Tomorrow (the Party) is Never Coming

As an addition and in reference to Issandr's post below, the government's latest assault on al-Ghad's paper is only the half of it.
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So why is the paper closed. Ahram printing refuses to print it because the party's newspaper papers are not in order.

Exerpts from Reuters story on al-Jazeera

[Ayman Nor's Asst. Wail] Nawara said a party official had signed, under pressure and without authorisation from the party, a letter to the Supreme Press Council, which controls the Egyptian press, asking for the editor-in-chief to be changed.
Changes in editors require the approval of the council, which is controlled by the ruling National Democratic Party.

Nur's wife and party colleague, Gamila Ismail, added: "The Supreme Press Council told us that we are missing some routine paperwork, which is not true."

Nawara said the authorities disapproved of Al-Ghad editor Ibrahim Issa because of his record for candour.

"The government wants to shut us up, and control all our actions because Ghad is not like other parties which simply obey every order they take," Nawara added.
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Then adding injury to insult, al-Ghad VP, Mousa Mostafa was arrested in Cairo airport on his return on Tuesday night.

Exerpts again coming from a Reuters Story:

1) "The authorities will not answer questions about the reason for the arrest," Nawara told Reuters.

2) Police arrested Mostafa on his arrival at Cairo airport after a trip to Dubai, Paris and London, Nawara said. He had left Egypt before Nour's detention on January 29. The authorities were not immediately available for comment about Mostafa's case

3) The Egyptian prosecutor general said on Wednesday the charge against Nour was a criminal matter and not political. Nour has denied the allegations against him and said he was the victim of a trap.

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Based on these latest developing incidents, I think it is fair to say that some suggested theories for Nor's arrest can be disregarded now.

For example, this is definitely bigger than a former Sec of State and the Council of Foreign Relations meeting with Nor a few weeks ago.

Also, this is much bigger than the NDP doing a favor for the Wafd's Noman Goma (an enemy of Nor's).

The arrests and crackdown on Hizb al-Ghad have more to do with the fact that it was being seen by the NDP as having potential for a semi-autonomous party. Although it would never rival the only party that counts in Egypt, al-Ghad's inability to play the role of co-opted wet sponge as the other legal parties such as the Tugama and al-Wafd led to their downfall.

Now you could charge that the Nasserist did not either. But the Nasserist cannot win seats in parliament either. The idea that al-Ghad might actually attract a bloc and was not playing by the NDP's rules meant it had to be destroyed. It was perceived as a threat even though I don't think it was.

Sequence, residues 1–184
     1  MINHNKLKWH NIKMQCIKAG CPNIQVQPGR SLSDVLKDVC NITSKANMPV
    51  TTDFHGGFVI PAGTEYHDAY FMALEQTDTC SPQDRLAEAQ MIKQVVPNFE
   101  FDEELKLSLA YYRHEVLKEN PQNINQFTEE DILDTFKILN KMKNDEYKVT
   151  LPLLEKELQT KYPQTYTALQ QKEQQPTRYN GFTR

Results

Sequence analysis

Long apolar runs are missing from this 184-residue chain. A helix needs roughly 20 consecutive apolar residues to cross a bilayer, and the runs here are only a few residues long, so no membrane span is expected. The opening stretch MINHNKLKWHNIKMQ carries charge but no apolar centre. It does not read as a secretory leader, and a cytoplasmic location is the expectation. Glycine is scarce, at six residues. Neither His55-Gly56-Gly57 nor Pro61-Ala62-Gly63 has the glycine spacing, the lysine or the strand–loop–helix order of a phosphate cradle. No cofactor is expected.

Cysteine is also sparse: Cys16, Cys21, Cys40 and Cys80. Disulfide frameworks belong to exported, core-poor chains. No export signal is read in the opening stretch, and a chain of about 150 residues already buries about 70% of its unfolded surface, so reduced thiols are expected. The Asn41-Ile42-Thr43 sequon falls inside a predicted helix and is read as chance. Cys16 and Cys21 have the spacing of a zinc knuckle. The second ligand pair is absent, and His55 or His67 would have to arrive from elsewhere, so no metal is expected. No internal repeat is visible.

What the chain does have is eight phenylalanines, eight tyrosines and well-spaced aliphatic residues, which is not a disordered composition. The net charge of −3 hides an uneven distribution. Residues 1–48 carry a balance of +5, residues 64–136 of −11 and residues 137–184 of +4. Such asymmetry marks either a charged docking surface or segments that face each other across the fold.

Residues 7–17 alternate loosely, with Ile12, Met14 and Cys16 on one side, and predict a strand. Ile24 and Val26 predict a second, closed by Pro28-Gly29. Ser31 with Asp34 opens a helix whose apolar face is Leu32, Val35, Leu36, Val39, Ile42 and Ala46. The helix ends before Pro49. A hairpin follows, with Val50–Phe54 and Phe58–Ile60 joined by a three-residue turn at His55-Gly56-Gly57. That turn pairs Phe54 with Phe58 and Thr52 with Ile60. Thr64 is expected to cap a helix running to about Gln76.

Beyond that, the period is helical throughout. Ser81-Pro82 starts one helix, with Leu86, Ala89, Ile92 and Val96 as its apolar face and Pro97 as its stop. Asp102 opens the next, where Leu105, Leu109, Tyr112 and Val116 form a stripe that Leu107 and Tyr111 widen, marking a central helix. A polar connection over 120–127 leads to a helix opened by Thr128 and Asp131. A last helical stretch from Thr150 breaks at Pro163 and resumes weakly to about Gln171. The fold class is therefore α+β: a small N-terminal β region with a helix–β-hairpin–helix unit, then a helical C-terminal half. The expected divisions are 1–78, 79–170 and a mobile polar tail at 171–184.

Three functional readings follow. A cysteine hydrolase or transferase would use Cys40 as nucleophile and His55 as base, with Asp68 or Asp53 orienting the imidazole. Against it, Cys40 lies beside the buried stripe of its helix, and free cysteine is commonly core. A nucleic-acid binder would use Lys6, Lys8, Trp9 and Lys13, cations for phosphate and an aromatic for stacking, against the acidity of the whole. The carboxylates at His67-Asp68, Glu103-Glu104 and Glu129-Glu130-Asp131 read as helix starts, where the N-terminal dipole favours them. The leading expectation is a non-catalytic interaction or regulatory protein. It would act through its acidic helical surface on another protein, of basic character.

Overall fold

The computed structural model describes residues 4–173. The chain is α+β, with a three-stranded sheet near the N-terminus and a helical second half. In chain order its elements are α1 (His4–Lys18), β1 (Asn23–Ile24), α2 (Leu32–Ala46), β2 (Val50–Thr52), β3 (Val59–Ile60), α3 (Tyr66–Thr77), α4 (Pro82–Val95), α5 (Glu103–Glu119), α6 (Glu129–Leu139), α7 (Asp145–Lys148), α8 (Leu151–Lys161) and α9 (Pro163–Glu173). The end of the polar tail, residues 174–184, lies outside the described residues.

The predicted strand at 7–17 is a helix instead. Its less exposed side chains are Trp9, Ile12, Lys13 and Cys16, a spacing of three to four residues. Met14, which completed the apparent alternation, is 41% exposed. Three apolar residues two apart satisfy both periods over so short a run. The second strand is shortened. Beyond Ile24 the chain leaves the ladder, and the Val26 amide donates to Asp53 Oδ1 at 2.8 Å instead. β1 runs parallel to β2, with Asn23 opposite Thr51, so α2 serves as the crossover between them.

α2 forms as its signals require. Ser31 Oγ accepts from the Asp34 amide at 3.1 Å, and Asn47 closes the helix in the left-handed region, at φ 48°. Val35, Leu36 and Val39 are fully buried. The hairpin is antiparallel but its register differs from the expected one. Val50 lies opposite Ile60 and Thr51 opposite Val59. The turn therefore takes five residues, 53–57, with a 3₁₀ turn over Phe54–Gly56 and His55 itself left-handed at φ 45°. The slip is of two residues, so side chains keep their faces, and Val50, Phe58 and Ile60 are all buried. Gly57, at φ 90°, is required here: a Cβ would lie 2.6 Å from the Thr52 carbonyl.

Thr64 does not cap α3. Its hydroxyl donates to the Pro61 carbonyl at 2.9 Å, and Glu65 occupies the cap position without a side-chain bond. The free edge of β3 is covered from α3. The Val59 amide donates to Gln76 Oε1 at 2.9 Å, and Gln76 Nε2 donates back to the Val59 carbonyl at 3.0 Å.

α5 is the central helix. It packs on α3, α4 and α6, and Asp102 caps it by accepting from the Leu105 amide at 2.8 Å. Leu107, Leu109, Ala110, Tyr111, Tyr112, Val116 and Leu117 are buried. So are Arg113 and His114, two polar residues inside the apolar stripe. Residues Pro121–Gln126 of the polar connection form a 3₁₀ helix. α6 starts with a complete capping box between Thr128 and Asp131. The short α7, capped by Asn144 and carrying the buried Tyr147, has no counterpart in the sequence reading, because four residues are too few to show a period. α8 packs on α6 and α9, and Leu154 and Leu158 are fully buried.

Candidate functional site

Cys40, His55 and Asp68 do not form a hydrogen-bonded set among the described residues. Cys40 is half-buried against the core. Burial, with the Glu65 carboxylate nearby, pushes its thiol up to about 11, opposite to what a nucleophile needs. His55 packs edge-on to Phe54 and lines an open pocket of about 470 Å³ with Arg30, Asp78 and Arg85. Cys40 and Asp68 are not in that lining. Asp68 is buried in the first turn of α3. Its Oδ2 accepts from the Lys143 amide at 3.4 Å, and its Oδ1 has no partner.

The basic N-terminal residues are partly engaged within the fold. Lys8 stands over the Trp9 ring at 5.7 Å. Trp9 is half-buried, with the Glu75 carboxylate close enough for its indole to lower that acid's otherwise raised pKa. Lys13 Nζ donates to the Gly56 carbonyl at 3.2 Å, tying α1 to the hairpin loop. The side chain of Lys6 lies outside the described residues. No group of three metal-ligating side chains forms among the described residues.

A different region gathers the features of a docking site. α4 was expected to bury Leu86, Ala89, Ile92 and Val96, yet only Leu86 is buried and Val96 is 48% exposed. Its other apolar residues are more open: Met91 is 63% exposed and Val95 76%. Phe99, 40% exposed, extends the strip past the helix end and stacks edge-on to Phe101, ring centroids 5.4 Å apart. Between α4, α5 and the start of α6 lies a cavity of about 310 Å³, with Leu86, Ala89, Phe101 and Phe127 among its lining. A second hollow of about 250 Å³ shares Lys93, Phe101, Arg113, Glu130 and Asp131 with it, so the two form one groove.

Basically, it is important to focus on Nor and the party's debate regarding the National Dialogue and Nor's insistence that the consition be amended while the other parties backed off from this demand. Was their perceived popularity combined with their non-complilant stance enough to launch this attack, which the government spinning as unrelated events?

Although a-Ghad has some well-know, previously independent members to join, Nor's arrest is a big blow. Now with the newspaper getting hung up like so many before it, what left will likely smolder. I am betting we will see the party's Sec-Gen Mona Makram-Ebied back off if the party's fortunes look like they are not going to reverse.

Even if al-Ghad does eventually emerge from the ashes, it will only be a shadow of its previously perceived potential to mobilize and attract a popular base that could provide an alternative.
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This may come off as a bit of a vain self-plug, but....
I wrote an academic article about opposition parties in Egypt back in 2002, I shopped it around a bit before the British Journal of Middle Eastern Studies reviewed it and accepted it. It came out in November 2004 (over 2 years after I had written it). At the time, al-Ghad had just been licensed so my argument was looking pretty dodgy. Not that I am happy about it, but it looks like some of the cases I looked at including the Labor, Nasserist, the Liberals (al-Ahrar) parties as well as the case of Ayman Nor post-al-Wafd may still apply as rules of the game.

The article's citation is:
Joshua Stacher, “Parties Over: The Demise of Egypt Opposition Parties,� British Journal of Middle Eastern Studies Vol. 31, Issue 2 (November 2004): 215-234.

I don't have the finished, edited article. I have not even seen it yet. But it is out there if your interested in how opposition parties are viewed and handled in Masr.